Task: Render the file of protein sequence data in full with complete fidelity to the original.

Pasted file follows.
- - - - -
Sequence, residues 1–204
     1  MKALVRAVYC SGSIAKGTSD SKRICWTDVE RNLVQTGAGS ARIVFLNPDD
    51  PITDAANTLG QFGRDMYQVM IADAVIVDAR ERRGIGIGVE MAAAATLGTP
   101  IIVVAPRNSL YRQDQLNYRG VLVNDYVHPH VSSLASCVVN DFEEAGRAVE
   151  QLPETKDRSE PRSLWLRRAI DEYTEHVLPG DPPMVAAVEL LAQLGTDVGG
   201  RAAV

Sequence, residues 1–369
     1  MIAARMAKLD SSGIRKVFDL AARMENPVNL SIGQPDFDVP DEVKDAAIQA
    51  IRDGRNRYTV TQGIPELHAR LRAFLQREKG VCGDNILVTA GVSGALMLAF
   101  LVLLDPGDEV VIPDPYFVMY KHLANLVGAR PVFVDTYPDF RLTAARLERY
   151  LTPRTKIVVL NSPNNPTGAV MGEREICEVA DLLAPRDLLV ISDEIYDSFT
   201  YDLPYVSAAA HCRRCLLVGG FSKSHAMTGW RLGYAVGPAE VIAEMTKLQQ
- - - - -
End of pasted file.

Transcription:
Sequence, residues 1–204
     1  MKALVRAVYC SGSIAKGTSD SKRICWTDVE RNLVQTGAGS ARIVFLNPDD
    51  PITDAANTLG QFGRDMYQVM IADAVIVDAR ERRGIGIGVE MAAAATLGTP
   101  IIVVAPRNSL YRQDQLNYRG VLVNDYVHPH VSSLASCVVN DFEEAGRAVE
   151  QLPETKDRSE PRSLWLRRAI DEYTEHVLPG DPPMVAAVEL LAQLGTDVGG
   201  RAAV

Sequence, residues 1–369
     1  MIAARMAKLD SSGIRKVFDL AARMENPVNL SIGQPDFDVP DEVKDAAIQA
    51  IRDGRNRYTV TQGIPELHAR LRAFLQREKG VCGDNILVTA GVSGALMLAF
   101  LVLLDPGDEV VIPDPYFVMY KHLANLVGAR PVFVDTYPDF RLTAARLERY
   151  LTPRTKIVVL NSPNNPTGAV MGEREICEVA DLLAPRDLLV ISDEIYDSFT
   201  YDLPYVSAAA HCRRCLLVGG FSKSHAMTGW RLGYAVGPAE VIAEMTKLQQ